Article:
Clearview Data Lawsuit

In February 2020, a class-action lawsuit was filed against the facial recognition company, Clearview AI. This was not the first lawsuit filed this year against the company. Clearview AI’s technology can provide image matches of uploaded photos of any person, along with links to its web origin. Complaints filed against the company cite violations of the California Consumer Privacy Act (CCPA) and Clearview faces allegations of using face scan data without express consent.

Clearview AI has built a database of over three billion photos, most scraped from websites and social media platforms. The company previously looked to law enforcement agencies for business, but Clearview has since expanded into markets in both the private and public sectors, including several retailers.

Pending class action lawsuits against Clearview AI allege that the widespread technology poses a threat to individual privacy. Attorneys highlight personal data concerns that could arise in the event of data theft and data breach incidents. Critics of the technology call it “Orwellian” by design and say it poses a real risk to the future of private citizens’ security.

Even major tech companies have their own concerns with Clearview. Twitter sent Clearview a cease-and-desist letter, claiming its policies were violated when data was scarped from its platform. LinkedIn and Google also sent cease-and-desists with similar claims. Facebook is demanding that Clearview stop using image data lifted from user profiles. Apple suspended Clearview’s developer account, saying the company had violated its Enterprise Developer Program terms of service.

biometric data lawsuits

What is Considered Biometric Data?

Beginning around 2015 data privacy litigation started to take off. But attorneys have had to prove what data is and is not biometric data. DNA is unquestionably biometric in nature, but what about images of individual faces? There are still many unknowns but litigation is proceeding nonetheless.

Some statutes regulate the collection and storage of a wide variety of identifiers such as the following:

  • Retina scans
  • Iris scans
  • Fingerprints
  • Palm prints
  • Voice recognition
  • Facial recognition
  • DNA recognition
  • Gait recognition
  • Scent recognition

Employment & Biometric Data Storage

Biometric data laws apply to all industries, including private companies and individuals. The most frequent legal trouble involves employers that collect employees’ biometric information to monitor clocking in and out, productivity, security clearance, and system login. Under existing laws, private entities that utilize biometric information must have a written policy, schedule, and guidelines for its collection, retention, and ultimate destruction.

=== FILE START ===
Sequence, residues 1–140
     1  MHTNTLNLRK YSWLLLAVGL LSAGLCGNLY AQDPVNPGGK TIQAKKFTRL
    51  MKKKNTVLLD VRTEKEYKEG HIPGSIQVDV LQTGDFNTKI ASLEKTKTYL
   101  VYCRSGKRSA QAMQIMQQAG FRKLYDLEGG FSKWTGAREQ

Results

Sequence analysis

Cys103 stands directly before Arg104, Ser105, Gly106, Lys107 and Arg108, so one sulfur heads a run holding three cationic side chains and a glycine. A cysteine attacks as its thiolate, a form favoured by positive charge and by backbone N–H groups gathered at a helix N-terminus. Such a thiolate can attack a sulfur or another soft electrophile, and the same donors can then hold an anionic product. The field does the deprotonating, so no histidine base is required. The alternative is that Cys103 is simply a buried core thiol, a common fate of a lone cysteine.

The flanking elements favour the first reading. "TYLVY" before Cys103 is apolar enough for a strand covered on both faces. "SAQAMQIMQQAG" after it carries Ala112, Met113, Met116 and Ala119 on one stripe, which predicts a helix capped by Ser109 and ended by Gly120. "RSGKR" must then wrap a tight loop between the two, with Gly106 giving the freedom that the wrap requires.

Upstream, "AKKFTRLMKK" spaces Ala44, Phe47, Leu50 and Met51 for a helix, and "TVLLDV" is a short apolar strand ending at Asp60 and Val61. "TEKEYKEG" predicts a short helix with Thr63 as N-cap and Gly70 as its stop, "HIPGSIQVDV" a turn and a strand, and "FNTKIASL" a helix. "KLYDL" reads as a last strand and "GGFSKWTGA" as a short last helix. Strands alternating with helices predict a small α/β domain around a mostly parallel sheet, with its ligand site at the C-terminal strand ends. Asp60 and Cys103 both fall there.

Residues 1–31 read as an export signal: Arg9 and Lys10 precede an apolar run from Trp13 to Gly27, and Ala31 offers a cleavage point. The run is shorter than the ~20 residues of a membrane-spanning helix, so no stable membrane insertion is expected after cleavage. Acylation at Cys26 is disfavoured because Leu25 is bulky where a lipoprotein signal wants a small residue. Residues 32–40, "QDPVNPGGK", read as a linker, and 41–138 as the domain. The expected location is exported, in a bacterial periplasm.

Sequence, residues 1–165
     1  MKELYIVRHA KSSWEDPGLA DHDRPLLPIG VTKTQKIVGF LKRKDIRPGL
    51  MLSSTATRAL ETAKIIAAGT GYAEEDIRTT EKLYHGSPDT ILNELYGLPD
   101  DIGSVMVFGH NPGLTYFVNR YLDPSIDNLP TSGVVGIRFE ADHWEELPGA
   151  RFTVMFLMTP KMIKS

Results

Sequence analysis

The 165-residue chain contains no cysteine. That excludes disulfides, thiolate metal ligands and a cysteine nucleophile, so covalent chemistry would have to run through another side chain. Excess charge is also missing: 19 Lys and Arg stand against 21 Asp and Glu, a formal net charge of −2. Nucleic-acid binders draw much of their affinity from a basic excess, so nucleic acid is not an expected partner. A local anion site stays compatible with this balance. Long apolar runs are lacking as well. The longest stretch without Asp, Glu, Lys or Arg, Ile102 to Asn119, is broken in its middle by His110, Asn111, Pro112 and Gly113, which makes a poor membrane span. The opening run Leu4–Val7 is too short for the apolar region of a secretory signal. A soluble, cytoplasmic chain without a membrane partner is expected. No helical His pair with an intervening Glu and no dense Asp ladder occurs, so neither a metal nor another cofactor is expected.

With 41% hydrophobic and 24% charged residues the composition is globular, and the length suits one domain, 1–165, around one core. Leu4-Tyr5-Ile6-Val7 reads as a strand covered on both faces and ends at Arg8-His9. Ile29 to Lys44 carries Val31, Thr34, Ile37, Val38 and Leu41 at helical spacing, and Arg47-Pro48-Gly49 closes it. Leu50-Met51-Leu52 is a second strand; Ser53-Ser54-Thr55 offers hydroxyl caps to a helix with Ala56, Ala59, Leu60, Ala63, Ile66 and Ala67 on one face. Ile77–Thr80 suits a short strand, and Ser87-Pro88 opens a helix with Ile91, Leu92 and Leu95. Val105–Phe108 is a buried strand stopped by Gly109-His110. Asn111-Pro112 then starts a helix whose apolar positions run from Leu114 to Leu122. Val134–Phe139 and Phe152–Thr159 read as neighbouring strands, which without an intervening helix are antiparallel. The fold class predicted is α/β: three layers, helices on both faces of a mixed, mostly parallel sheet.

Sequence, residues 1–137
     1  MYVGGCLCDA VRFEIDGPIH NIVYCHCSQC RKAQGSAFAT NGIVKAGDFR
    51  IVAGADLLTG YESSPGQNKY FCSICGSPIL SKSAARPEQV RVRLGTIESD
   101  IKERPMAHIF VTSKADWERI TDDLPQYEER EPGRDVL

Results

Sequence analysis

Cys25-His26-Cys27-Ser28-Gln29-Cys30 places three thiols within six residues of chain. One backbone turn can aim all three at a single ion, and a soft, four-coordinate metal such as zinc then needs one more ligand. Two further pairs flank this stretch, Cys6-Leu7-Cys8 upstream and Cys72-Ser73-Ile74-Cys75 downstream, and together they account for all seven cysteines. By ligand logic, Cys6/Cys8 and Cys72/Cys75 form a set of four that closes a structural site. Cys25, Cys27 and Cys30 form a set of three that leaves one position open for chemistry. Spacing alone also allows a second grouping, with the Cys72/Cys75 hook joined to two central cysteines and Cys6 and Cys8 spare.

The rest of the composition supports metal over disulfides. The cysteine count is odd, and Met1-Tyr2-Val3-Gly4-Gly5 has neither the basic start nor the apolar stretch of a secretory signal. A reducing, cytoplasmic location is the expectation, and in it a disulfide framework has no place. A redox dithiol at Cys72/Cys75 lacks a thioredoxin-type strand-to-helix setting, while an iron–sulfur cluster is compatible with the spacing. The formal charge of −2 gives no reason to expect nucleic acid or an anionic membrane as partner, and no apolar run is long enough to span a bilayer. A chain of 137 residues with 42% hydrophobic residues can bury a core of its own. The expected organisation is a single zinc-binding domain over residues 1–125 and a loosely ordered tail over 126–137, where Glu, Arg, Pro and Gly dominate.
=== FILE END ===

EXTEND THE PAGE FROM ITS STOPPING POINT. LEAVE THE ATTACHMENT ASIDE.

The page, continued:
Individual State Privacy Laws

The Illinois statute prohibits an entity from collecting biometric information unless it fulfills the following:

  • Informs individuals in writing that their biometric data is being captured
  • Outlines the purpose and period of time for which the data will be utilized
  • Receives a written release from individuals consenting to the data collection

Other states have been scrambling to catch up with modern advances and have been slow to provide biometric policies. Most states have no comprehensive biometric regulations. The following states are exceptions:

  • Texas has its own biometric privacy act which provides that a person cannot capture a biometric identifier without a prior consent, and may not sell biometric date without consent. A company or person must use reasonable care in storing it, and “shall destroy the biometric identifier within a reasonable time.” Violators may face a civil penalty of $25,000 for each violation,
  • Washington passed biometric privacy legislation in 2017. The law prohibits any company or individual from entering biometric data into a database for a commercial purpose without providing notice, obtaining consent, or providing a mechanism to prevent the subsequent use of a biometric identifier for a commercial purpose.
  • The California Consumer Privacy Act (CCPA) regulates biometric data by including it in the definition of “personal information.” Biometric data is defined in the CCPA to include physiological, biological or behavioral characteristics, including DNA, imagery of the iris, retina, fingerprint, face, hand, palm, vein patterns, and voice recordings.
  • New York has passed the Stop Hacks and Improve Electronic Data Security (SHIELD) Act, which broadens the definition of private information to include biometric information. The law applies specifically in the employment context and prohibits fingerprinting “as a condition of securing employment or of continuing employment.”
  • Arkansas amended existing laws and revised the definition of covered personal information to now include biometric data.

Other states have introduced biometric legislation but most laws have not yet been enacted.

Data Misuse Litigation

The future of data privacy litigation is in the hands of congressional legislators, the U.S. Judicial System, and consumer privacy attorneys who represent plaintiffs in data misuse cases. When handling such a new area of law like biometrics, legal conflicts are likely to create confusion, but privacy is a cause worth fighting for. Cases against TikTok and Clearview AI are important for future data privacy laws and precedent.

As in past data misuse and facial recognition lawsuits (Facebook’s $650 million settlement), Clearview AI may likely reach a settlement. We do know with the current data-rich environment, we can expect many more class action data misuse and data privacy lawsuits. The Lyon Firm is committed to long and complex litigation, and has the resources to build strong class action cases.